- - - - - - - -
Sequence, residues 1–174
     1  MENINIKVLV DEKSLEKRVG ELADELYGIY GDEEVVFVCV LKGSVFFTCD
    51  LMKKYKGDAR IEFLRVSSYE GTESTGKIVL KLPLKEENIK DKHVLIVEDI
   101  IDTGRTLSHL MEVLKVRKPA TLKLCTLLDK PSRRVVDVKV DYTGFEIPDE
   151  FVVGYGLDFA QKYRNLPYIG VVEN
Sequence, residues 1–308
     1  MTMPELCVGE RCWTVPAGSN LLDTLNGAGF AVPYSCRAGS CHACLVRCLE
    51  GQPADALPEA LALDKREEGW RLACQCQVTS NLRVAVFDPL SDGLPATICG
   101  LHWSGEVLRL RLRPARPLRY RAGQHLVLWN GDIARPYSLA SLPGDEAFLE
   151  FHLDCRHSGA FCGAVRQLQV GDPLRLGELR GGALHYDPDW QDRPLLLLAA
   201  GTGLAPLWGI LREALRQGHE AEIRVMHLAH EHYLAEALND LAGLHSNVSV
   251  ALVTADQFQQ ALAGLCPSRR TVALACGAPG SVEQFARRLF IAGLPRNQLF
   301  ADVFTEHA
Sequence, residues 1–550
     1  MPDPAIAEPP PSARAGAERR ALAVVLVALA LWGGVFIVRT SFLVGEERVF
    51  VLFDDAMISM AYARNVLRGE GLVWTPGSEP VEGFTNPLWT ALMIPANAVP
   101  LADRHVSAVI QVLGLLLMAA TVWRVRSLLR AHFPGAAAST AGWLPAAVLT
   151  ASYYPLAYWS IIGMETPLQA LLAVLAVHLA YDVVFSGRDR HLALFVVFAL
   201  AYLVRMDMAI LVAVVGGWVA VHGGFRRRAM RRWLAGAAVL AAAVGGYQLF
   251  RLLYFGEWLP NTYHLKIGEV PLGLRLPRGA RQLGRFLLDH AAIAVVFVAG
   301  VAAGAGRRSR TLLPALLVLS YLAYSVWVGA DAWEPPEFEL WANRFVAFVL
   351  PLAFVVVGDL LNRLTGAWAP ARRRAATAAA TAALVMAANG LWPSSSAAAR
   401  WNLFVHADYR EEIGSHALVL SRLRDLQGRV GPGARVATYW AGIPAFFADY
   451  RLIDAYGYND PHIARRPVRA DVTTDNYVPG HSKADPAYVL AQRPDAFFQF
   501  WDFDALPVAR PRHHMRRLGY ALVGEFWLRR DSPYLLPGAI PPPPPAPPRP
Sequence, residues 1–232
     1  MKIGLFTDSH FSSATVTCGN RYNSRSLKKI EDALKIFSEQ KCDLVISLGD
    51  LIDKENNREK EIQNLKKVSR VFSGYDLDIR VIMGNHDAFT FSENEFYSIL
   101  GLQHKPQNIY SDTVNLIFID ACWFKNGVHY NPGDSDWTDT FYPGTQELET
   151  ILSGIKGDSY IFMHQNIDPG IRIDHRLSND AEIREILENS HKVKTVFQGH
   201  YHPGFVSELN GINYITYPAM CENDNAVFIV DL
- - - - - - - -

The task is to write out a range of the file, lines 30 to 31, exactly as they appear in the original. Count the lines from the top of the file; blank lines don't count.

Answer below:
   151  ILSGIKGDSY IFMHQNIDPG IRIDHRLSND AEIREILENS HKVKTVFQGH
   201  YHPGFVSELN GINYITYPAM CENDNAVFIV DL